When Yahoo made the risky call nine years ago to plunge $1 billion into a Chinese e-commerce company that few Americans had heard of, business was looking good. The fresh 40 percent stake in Alibaba was overshadowed by Yahoo's popular portfolio of email, finance and fantasy sports sites.
Since then, the Alibaba investment is about the only thing Yahoo has gotten right. And for shareholders, it's been the only reason to stay bullish. Heading into Alibaba's record initial public offering this week,Yahoo's stake is worth about $35 billion, representing over four-fifths of Yahoo's market value. That's after selling $7.1 billion worth of Alibaba shares in 2012.
At the time of the deal in October 2005, with longtime media executive Terry Semel at the helm, Yahoo was closing out a year in which net income doubled and sales jumped 47 percent. Even though the company had given up the lead in digital advertising to search engine Google, the two were still neck and neck in terms of ad dollars. Of the $11.4 billion in revenue between them in 2005, Yahoo had 46 percent. Plus, it was the more profitable of the two.
Now, after a disastrous (almost) decade for the Sunnyvale, California-based company, Yahoo's revenue is less than 10 percent of Google's. In the lucrative search market, Google took such command that Yahoo was eventually forced to partner with Microsoft's Bing search engine just to stay relevant.
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Yahoo co-founder Jerry Yang, during his tenure running the company in 2008, rejected a $44.6 billion takeover offer from Microsoft, passing on what would have been a huge premium for investors. Meanwhile, Facebook's emergence—and Yahoo's failed attempt to purchase the social network—has eaten into Yahoo's share of the display advertising market, while other services like Twitter, Pinterest and Pandora have explored more innovative ways to capture ad dollars.
"They lost any technology edge they ever had," said Ethan Kurzweil, a partner at Bessemer Venture Partners in Menlo Park, California. "They stopped attracting cutting-edge people."
Yahoo's worldwide share of the digital advertising market has plunged to 2.5 percent, while Google's (including YouTube) has soared to 34 percent, according to eMarketer. Facebook has captured 7.8 percent. Since 2005, Google's sales have climbed ninefold, and Yahoo's have actually shrunk. Even after a two-year stock rally—fueled by Alibaba's valuation increase—Yahoo's shares have hardly budged since late 2005. Google's stock price has about tripled.
To try and right the ship, Yahoo turned to its top rival. Marissa Mayer, the 20th employee at Google, was hired as Yahoo chief executive two years ago, becoming the fourth official CEO since Semel's departure in 2007. It's an unenviable task, because aside from the Alibaba investment, investors ascribe virtually no value to the company. Meanwhile, just north in Palo Alto and San Francisco, Internet and mobile start-ups with sky-high valuations are battling it out for top engineering talent.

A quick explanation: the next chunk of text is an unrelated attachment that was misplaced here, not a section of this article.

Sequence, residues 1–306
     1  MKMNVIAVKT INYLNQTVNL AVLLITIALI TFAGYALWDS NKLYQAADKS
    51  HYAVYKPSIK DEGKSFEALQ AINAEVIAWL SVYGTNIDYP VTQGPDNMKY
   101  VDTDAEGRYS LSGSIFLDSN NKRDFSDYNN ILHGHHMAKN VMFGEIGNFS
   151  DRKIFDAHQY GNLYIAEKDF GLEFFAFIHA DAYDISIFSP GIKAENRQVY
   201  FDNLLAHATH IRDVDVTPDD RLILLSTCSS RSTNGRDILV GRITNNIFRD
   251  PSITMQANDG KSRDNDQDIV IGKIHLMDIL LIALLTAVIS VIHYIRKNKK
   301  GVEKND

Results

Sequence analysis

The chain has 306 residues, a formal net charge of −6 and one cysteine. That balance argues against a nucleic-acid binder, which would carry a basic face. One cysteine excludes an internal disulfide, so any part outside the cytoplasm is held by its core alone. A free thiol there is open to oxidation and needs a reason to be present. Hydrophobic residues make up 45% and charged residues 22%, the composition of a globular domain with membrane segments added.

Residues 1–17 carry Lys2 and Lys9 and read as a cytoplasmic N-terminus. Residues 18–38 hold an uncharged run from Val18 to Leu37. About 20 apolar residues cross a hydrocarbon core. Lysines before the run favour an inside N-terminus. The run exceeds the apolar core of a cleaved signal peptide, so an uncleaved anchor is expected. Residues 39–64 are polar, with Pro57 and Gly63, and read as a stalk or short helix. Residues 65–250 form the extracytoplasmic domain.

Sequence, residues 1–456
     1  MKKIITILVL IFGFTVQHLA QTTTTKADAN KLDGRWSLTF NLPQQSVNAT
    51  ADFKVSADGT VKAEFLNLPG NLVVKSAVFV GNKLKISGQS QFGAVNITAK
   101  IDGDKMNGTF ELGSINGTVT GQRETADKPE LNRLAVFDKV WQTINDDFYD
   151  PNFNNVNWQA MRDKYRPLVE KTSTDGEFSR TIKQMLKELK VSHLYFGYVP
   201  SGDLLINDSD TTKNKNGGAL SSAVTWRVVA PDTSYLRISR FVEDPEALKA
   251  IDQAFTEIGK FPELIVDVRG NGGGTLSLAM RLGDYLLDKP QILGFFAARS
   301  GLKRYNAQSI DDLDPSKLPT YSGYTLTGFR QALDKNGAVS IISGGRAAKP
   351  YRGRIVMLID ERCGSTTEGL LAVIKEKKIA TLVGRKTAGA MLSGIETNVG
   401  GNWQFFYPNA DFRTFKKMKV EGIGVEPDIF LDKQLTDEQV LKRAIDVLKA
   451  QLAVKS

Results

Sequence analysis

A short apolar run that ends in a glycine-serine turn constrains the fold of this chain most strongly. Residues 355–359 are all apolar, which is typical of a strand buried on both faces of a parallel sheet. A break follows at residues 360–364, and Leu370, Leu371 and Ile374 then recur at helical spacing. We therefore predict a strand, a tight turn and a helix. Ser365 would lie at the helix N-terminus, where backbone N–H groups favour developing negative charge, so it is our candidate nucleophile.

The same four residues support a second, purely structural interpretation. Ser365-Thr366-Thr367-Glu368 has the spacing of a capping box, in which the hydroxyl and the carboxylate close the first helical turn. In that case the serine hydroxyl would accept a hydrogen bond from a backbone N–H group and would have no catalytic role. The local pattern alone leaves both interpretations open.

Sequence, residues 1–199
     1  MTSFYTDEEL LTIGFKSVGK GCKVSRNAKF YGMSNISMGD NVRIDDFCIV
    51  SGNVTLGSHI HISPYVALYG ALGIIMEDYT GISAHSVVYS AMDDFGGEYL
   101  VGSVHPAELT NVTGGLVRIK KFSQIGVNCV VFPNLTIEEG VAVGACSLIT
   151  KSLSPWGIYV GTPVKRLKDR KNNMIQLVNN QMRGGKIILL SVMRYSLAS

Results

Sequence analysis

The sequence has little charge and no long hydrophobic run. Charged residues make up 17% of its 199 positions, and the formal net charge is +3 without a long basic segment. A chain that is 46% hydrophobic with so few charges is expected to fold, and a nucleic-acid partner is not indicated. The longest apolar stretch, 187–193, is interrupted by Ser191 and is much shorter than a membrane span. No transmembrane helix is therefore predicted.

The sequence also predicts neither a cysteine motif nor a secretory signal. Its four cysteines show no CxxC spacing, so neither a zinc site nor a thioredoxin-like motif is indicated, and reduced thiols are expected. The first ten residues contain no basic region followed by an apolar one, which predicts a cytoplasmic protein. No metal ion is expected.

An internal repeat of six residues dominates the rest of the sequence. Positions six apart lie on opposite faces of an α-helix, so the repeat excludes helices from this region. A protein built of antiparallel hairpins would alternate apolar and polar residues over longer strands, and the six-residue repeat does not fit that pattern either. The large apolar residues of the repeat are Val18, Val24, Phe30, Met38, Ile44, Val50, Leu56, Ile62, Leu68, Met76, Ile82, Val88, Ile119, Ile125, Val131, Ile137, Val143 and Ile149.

Mayer's boldest move yet was the $1.1 billion acquisition of Tumblr, a blogging service that was heavy on buzz but light on revenue. That was in May 2013, and more than a year later, the deal remains a head-scratcher. Pivotal Research Group's Brian Wieser wrote in a report after second-quarter results that "even a modest level of revenue from Tumblr seemingly failed to appear."
Sarah Meron, a Yahoo spokeswoman, said the company couldn't comment because of the pre-IPO quiet period.
The Alibaba IPO will clearly strengthen Yahoo's financial standing, adding to its $4.3 billion in cash and marketable securities. According to Alibaba's latest IPO prospectus, Yahoo is selling 23 percent of its stake in the offering and the company has promised to return at least half the after-tax cash to shareholders. Should the IPO price at $66 a share, Yahoo's pretax haul would be just over $8 billion.
Yahoo will still hold more than 400 million shares of Alibaba, so shareholders expecting a post-IPO rally would be wise to hang in there.
"A lot of the easy money on the Alibaba trade has already been made," Rob Sanderson, an analyst at MKM Partners, said in a Sept. 8 interview on CNBC. "I think there's another leg here, and it will be dependent on the public market valuation of the remaining portion."
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The question analysts and investors have been asking is—what can Yahoo do as a business aside from just generate value from Alibaba? Mayer's strategy of investing in content, including a costly newsroom, is a challenging proposition in a world where more and more information is shifting to the Web, making it harder to attract user attention and advertiser interest. Mayer's other growth areas—mobile, social and video—are all businesses where Yahoo is playing catch-up.
—By CNBC's Ari Levy
Disclosure: CNBC has a content-sharing partnership with Yahoo's finance site.